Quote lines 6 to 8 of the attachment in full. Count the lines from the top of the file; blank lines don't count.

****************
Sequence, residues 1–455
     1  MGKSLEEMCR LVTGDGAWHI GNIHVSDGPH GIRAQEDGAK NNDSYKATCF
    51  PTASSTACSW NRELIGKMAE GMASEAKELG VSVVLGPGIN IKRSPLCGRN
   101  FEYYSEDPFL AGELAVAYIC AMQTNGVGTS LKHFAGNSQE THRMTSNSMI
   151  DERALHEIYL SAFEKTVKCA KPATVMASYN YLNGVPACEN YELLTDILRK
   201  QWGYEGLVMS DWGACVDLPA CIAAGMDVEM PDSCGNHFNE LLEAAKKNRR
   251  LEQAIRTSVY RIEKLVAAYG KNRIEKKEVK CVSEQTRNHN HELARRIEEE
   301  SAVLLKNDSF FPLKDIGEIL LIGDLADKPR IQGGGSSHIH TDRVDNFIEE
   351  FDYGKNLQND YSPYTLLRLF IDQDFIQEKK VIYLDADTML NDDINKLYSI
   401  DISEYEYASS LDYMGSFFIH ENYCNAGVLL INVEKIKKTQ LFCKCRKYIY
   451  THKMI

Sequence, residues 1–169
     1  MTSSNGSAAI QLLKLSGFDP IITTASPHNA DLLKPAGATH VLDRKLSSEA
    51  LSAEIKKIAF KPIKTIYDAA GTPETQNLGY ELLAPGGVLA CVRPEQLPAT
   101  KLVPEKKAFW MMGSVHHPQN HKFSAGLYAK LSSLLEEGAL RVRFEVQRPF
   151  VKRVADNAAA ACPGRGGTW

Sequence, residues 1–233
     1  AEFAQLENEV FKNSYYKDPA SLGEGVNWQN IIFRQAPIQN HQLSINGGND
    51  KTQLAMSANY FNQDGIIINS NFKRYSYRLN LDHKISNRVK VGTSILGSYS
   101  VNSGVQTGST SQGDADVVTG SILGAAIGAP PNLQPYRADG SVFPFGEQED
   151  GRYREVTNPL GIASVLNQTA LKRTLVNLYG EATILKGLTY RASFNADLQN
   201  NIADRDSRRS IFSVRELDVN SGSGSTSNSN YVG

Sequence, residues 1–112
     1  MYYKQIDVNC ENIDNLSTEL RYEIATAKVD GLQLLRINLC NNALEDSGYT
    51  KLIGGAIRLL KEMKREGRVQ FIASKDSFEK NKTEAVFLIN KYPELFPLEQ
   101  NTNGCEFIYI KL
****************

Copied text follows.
   201  QWGYEGLVMS DWGACVDLPA CIAAGMDVEM PDSCGNHFNE LLEAAKKNRR
   251  LEQAIRTSVY RIEKLVAAYG KNRIEKKEVK CVSEQTRNHN HELARRIEEE
   301  SAVLLKNDSF FPLKDIGEIL LIGDLADKPR IQGGGSSHIH TDRVDNFIEE